Troubled school kid Kieran (Anthony Boyle) wakes up in the middle of woodlands, bloodied and with no recollection of how he got there. His left hand has a gun strapped into it by gaffer tape. His left hand is shackled to a chain: on the other end of the chain, is his school counsellor Mr Andrews (Robert Render). When he awakens, moments after Kieran, we learn that he also has a pistol strapped to one hand.

The pair of them wracks their brains for a few moments trying to remember how they got into this predicament. It's at this point that they notice a pink post-it note stuck to a nearby tree. Upon inspection, its message explains that only one can survive - the objective of the "game", if you will, is for one to shoot the other before nightfall, in order to earn their freedom. Andrews insists that, being older than Kieran, he should be the one to die. But even with his reluctant new friend's consent, Kieran can't bring himself to kill a man in cold blood.

So the pair decides to run.

But they don't where they are, where they're going or whether they're being watched. Indeed, when they stop to have pisses on opposing sides of a thick tree (the chain binding them together is just long enough to allow for this), they discover a fresh note which clearly indicates that they ARE being observed at close range.

So, what do they do? Does one kill the other in order to survive? Or do they work together to outwit their unseen assailants?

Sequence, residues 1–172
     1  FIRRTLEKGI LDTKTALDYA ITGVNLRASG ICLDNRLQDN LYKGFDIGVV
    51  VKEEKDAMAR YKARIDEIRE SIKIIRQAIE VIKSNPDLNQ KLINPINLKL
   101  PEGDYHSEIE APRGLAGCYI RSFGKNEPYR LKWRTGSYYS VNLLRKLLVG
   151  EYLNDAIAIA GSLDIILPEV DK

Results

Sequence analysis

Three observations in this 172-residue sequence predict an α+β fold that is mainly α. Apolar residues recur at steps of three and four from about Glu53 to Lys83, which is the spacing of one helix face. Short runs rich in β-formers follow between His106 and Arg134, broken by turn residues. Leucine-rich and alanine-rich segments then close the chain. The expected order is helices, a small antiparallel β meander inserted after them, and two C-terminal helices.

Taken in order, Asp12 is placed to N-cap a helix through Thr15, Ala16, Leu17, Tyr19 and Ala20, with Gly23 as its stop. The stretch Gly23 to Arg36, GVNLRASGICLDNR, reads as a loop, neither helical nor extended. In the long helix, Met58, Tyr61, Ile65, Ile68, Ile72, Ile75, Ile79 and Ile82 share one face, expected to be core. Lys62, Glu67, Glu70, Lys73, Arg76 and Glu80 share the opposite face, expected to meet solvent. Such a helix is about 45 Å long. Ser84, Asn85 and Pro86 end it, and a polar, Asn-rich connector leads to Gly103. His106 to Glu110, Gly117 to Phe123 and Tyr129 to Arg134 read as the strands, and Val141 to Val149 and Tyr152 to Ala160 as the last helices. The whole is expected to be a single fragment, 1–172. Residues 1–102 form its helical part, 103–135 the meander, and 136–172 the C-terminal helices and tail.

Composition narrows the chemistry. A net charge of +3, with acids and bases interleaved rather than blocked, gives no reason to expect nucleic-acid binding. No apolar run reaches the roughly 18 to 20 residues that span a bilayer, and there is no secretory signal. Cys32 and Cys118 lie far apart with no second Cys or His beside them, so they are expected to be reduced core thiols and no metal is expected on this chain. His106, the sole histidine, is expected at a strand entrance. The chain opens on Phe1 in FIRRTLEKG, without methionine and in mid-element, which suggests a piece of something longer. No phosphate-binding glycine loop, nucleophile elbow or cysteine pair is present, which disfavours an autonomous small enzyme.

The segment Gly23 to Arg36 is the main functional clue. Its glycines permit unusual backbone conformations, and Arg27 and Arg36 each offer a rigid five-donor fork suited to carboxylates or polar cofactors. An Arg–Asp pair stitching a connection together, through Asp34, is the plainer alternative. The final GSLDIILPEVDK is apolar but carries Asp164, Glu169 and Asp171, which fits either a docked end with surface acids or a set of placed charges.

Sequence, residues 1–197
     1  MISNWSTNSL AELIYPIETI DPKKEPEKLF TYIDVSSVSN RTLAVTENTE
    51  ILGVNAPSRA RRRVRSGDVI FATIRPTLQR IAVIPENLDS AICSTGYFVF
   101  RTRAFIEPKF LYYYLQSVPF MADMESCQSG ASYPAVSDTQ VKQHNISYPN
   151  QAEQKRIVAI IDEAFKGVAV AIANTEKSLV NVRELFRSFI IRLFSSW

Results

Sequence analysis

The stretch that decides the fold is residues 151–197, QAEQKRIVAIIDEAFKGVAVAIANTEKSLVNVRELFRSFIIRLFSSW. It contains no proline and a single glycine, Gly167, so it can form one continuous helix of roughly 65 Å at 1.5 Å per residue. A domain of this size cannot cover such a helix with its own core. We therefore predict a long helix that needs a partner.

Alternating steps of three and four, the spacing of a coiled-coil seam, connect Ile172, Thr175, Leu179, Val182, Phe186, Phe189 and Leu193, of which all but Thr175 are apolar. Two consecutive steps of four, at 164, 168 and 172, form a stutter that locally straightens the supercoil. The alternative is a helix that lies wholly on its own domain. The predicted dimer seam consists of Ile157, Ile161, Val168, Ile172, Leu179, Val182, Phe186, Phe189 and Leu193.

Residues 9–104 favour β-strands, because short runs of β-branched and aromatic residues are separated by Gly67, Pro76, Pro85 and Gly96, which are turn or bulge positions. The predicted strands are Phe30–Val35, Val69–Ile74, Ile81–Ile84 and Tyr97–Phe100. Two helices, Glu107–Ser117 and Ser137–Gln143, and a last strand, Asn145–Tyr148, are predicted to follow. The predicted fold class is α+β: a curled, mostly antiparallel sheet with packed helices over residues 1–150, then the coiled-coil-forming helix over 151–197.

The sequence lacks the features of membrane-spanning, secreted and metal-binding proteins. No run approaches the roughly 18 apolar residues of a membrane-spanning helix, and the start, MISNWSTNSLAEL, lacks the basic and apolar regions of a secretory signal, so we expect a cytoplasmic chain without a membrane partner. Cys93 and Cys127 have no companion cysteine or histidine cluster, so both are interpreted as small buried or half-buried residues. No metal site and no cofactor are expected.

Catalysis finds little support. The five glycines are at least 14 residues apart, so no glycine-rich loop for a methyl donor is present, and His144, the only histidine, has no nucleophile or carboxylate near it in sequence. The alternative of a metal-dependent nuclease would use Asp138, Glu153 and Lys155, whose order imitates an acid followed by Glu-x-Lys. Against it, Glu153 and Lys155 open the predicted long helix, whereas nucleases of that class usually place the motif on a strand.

Well, there's a little more to proceedings than that. I don't want to say much more because ONUS is divided into chapters, and each one very consciously wants to throw a few surprises our way. The first twist occurs during Chapter One, about 20 minutes into the film. So to avoid spoilers, I'm going to have to be extremely careful when making mention of anything which occurs after this juncture.

But ... after setting up a genuinely intriguing premise with the first segment, Chapter Two takes a change of pace and introduces us to a woman - Joan (Vivian Jamison) - who's grieving the recent loss of a close family member. She's being counselled by Liz (Caroline Burns Cooke), who appears to be as much of a friend as a professional confidante.

This story soon links itself to the first act, and introduces a key character from that yarn to bring events full-circle. In doing so, it makes it virtually impossible to progress this synopsis without divulging major spoilers.

ONUS is certainly an ambitious piece, telling a tale that spans several months and introduces us to fresh characters midway through proceedings. It's to be admired on this level alone.

However, the film comes undone at several junctures - a victim of its own low budget constraints. Firstly, there are the performances. Boyle is excellent, but unfortunately virtually everyone else is iffy at best. The dialogue bounces between neo-realism and hard-boiled menace, and is often difficult to take seriously as a result - especially in the hands of such inexperienced actors.

Director George Clarke co-writes with Rob Render (along with some additional dialogue provided by Boyle), filming in Norway for the first act - originally intended as a standalone short - and then shooting a year later in Northern Ireland to expand and complete his story. Perhaps it's this gap between creating each segment which accounts for the shifting tones and difference in visual styles.